I’ve just spent the last few years writing Return to Valetto, about a nearly abandoned village in Umbria and the last ten people who live there. In 2018, I received an NEA grant to conduct research in Italy and I visited about a dozen abandoned and nearly abandoned towns all across Italy. While I was traveling, I immersed myself in books about Italy—from history and biography to memoir and fiction. The books on my list were stepping stones in my education about all things Italian and I hope you find them as transporting as I did!

Dominic's book list on armchair travel through Italy and Italian history

Dominic Smith Why did Dominic love this book?

This was Calvino’s first novel when he was just in his early twenties, and long before he became known for his explorations of fantasy, fable, and magical realism.

He tells the story of a cobbler’s apprentice in a Ligurian town who becomes involved with a band of partisans during WWII. This brotherhood, who take on assumed identities by day and fight for Italy’s freedom up in the mountains by night, provides a story of second family for the protagonist, Pin, as he comes of age during a tumultuous time.

I love how we see the flickerings of who Calvino will become as a writer with this early foray into realism.

By Italo Calvino,

Why should I read it?

1 author picked The Path to the Spiders' Nests as one of their favorite books, and they share why you should read it.

What is this book about?

Italo Calvino was only twenty-three when he first published this bold and imaginative novel. It tells the story of Pin, a cobbler's apprentice in a town on the Ligurian coast during World War II. He lives with his sister, a prostitute, and spends as much time as he can at a seedy bar where he amuses the adult patrons. After a mishap with a Nazi soldier, Pin becomes involved with a band of partisans. Calvino's portrayal of these characters, seen through the eyes of a child, is not only a revealing commentary on the Italian resistance but an insightful coming-of-age…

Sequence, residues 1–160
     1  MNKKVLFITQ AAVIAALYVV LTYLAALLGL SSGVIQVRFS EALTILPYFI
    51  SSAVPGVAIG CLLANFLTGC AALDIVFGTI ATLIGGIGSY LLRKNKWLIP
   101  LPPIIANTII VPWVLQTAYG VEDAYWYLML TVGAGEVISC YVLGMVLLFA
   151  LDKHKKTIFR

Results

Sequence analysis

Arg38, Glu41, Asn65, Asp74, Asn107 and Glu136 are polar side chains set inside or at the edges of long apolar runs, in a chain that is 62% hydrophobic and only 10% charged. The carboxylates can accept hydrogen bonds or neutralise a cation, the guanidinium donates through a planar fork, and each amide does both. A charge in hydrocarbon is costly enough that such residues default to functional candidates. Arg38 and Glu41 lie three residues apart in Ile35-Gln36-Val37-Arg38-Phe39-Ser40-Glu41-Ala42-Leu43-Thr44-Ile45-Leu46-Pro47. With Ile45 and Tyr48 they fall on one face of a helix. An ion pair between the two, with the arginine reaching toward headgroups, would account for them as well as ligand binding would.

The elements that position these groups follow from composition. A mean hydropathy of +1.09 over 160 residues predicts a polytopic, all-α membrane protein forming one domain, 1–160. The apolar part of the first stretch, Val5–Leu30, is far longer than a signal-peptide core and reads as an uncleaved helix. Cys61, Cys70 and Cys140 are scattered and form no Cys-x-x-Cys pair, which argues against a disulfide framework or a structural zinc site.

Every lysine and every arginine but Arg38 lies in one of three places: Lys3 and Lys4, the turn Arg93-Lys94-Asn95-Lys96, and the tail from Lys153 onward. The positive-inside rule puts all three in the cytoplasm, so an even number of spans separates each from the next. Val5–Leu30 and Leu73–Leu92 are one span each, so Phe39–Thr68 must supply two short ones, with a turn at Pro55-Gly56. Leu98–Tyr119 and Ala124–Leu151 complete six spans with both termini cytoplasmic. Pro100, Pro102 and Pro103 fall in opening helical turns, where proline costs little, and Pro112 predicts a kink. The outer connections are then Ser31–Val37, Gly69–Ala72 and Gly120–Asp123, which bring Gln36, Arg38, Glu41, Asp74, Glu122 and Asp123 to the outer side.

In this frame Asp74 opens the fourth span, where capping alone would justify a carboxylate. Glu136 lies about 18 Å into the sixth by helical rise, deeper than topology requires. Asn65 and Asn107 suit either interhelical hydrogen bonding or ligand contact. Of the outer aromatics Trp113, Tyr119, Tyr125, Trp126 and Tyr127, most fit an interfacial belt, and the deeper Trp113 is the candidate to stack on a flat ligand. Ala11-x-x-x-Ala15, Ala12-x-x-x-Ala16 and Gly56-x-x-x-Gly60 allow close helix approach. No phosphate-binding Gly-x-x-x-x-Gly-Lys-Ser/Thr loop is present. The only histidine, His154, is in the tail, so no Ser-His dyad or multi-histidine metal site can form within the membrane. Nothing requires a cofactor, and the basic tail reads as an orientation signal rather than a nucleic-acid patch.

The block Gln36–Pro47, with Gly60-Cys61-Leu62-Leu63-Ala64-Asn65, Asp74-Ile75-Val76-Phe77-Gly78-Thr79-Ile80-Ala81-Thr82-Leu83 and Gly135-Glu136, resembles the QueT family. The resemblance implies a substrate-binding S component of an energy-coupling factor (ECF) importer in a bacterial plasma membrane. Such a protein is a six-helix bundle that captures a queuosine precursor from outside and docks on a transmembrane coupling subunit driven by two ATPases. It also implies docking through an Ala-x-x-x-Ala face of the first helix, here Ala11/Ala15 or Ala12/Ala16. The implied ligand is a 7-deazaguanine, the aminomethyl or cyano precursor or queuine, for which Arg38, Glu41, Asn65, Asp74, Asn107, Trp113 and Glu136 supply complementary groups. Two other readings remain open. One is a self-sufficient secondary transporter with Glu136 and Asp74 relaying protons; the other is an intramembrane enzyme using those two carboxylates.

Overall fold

Book cover of The Venice Sketchbook

Lance Hawvermale Author Of The Beekeeper's Bullet

From my list on historical action and some occasional kissing.

Why am I passionate about this?

I am the son of a pacifist poet and a Marine veteran of Vietnam. Perhaps because of this contradiction, I’ve been unable to find any occupation satisfying outside of writing. I spent my formative years with imaginary friends I met in libraries. My love of faraway places, romance, and war continues to this day. I write stories of strangers meeting under bleak conditions and finding the strength in each other to win the day.

Lance's book list on historical action and some occasional kissing

Lance Hawvermale Why did Lance love this book?

If you like intrigue, then welcome to Venice in 1938. This novel features a likable heroine in search of the solution to a mystery contained in a sketchbook. It’s full of art—both real and metaphorical. Set against the backdrop of impending war, this one is full of courage and heart.

By Rhys Bowen,

Why should I read it?